Working through conflict
Whether it’s in the family or the workplace, resolving a conflict is a tricky job – one that no one really wants to take responsibility for.
But when you know that two people are at odds with one another – whether it’s you and another person, or two of your family members/colleagues – it can be a drain on everyone else’s time and attention.
That’s why it’s important to nip conflicts in the bud, and soon. If you’re shying away from working through conflict, here’s a step-by-step guide on how to approach it.
Don’t ignore the problem
It might sounds obvious, but you’d be surprised by how many conflicts simmer away for years because people believe that ignoring it is the solution. Ignoring a problem doesn’t solve it: it only makes it more entrenched. So the first step in working through conflict is to acknowledge that the conflict exists – and to get all the involved parties in a room together to talk about it.
Keep emotions at bay
When you’ve got to the discussion stage, emotions may be running high. That’s probably because everyone involved in the conflict feels that their side is the right one, or perhaps they feel they’ve lost out on something due to someone else’s decision.
What’s important at this stage is to keep emotions in check, as much as is humanly possible. Instead, every side should try to speak clearly and calmly about their ideal end-result and why. Get everyone to use ‘I’ statements, rather than ‘you’ statements. That helps people concentrate on their own goals, rather than accusing the other party of wrongdoing.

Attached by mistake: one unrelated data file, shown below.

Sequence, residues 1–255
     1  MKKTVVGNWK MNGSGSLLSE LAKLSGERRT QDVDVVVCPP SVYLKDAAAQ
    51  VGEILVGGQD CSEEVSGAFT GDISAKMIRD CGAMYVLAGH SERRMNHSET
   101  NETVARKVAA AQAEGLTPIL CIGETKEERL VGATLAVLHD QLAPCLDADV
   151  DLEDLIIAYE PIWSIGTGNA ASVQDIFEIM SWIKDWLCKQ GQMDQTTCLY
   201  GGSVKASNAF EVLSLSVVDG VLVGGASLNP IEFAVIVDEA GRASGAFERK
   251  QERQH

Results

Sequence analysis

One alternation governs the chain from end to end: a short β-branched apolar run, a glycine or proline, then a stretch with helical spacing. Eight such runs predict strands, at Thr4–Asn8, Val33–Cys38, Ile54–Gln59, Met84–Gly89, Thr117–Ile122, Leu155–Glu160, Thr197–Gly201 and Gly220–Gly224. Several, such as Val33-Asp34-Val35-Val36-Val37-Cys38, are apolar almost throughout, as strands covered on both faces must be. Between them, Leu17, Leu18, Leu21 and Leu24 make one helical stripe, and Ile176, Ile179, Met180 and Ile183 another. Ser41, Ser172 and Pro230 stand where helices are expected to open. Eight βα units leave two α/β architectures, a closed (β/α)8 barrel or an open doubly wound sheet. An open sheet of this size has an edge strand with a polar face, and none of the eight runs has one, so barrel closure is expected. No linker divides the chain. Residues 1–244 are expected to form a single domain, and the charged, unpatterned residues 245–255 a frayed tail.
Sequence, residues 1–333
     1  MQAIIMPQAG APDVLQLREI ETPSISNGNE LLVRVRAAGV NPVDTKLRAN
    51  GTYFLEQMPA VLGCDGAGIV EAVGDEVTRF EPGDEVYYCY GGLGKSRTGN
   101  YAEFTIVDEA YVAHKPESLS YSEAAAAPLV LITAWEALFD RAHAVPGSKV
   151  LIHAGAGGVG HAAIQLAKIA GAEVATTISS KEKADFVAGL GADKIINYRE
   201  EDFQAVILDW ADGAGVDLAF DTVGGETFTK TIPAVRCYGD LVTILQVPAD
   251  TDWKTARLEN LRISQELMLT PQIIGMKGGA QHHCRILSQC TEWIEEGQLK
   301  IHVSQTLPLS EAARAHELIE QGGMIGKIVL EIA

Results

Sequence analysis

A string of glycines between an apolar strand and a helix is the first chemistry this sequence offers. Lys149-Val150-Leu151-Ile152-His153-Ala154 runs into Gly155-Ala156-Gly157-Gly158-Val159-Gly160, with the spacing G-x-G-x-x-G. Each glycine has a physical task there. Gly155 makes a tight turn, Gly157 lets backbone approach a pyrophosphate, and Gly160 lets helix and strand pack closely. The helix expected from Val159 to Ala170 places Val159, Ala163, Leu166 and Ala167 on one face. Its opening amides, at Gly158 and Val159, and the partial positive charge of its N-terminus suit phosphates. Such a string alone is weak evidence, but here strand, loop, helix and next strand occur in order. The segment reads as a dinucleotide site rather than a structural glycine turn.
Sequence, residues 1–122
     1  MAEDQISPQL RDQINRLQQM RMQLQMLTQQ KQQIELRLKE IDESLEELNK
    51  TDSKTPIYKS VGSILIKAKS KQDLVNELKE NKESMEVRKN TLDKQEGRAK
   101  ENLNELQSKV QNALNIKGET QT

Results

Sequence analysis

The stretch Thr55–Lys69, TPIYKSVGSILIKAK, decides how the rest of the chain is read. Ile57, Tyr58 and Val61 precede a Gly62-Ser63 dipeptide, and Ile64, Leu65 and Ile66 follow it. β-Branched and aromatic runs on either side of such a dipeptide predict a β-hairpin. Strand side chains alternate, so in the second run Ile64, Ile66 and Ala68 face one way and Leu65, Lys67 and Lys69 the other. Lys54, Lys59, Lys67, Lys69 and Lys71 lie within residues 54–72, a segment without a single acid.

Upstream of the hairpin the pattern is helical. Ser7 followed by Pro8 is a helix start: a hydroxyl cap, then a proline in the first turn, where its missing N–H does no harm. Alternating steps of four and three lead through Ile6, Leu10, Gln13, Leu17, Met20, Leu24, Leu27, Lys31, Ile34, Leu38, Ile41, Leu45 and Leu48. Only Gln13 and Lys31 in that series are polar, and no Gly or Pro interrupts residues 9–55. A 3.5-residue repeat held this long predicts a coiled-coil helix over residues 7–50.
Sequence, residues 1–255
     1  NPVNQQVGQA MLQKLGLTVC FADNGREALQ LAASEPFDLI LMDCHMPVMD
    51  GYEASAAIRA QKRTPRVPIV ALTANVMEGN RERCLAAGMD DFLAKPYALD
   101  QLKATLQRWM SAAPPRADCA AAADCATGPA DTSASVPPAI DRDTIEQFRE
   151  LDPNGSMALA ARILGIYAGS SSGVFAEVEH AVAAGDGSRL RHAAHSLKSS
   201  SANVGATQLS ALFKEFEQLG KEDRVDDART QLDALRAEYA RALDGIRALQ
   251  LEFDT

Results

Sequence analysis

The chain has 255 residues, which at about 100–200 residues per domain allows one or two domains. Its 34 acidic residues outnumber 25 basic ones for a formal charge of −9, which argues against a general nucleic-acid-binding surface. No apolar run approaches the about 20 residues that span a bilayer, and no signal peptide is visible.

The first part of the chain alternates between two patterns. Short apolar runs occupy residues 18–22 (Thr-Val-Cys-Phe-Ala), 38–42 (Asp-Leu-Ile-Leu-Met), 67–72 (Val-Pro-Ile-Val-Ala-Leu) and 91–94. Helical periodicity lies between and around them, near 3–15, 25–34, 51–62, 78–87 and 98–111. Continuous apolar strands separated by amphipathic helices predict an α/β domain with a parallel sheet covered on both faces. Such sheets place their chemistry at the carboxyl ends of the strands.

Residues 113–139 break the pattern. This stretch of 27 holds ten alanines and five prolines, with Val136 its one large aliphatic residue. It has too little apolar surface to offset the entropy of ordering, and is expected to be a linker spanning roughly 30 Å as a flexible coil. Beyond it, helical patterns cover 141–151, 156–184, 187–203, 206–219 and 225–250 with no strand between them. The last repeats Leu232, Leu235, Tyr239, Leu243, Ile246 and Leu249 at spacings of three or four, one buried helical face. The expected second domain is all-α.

Understand the other person’s perspective
Another key part of working through conflict is understanding the other person’s perspective. ‘I’ statements go a long way towards promoting this. Sometimes, conflict happens because one side doesn’t actually know what the other side wants or how they’re feeling. That’s why talking about a problem in a calm and reasoned way is always more preferable to simply ignoring it as it promotes better understanding.
Come up with a solution
Once you’ve got both sides to empathise with one another’s positions, it’s time to come up with a solution. This will inevitably involve compromise in all corners but this should be easier to do once everyone understands one another better. You’ll often find that one side is prepared to relinquish or delay one of their goals, as long as another goal is met – and vice versa. And when an agreement has been reached, be sure to write it down so that you have a record in place.
End on a positive note
Finally, it’s important to end on a positive note so that all parties involved can really feel like the conflict has been resolved, and move on. This could something as simple as a handshake or a smile. It might even be an agreement to work together more constructively in the future. However it manifests itself, a positive end will certainly signify that the conflict is well and truly over.
What are your best tips for working through conflicts?
Silversurfer's Features Editor
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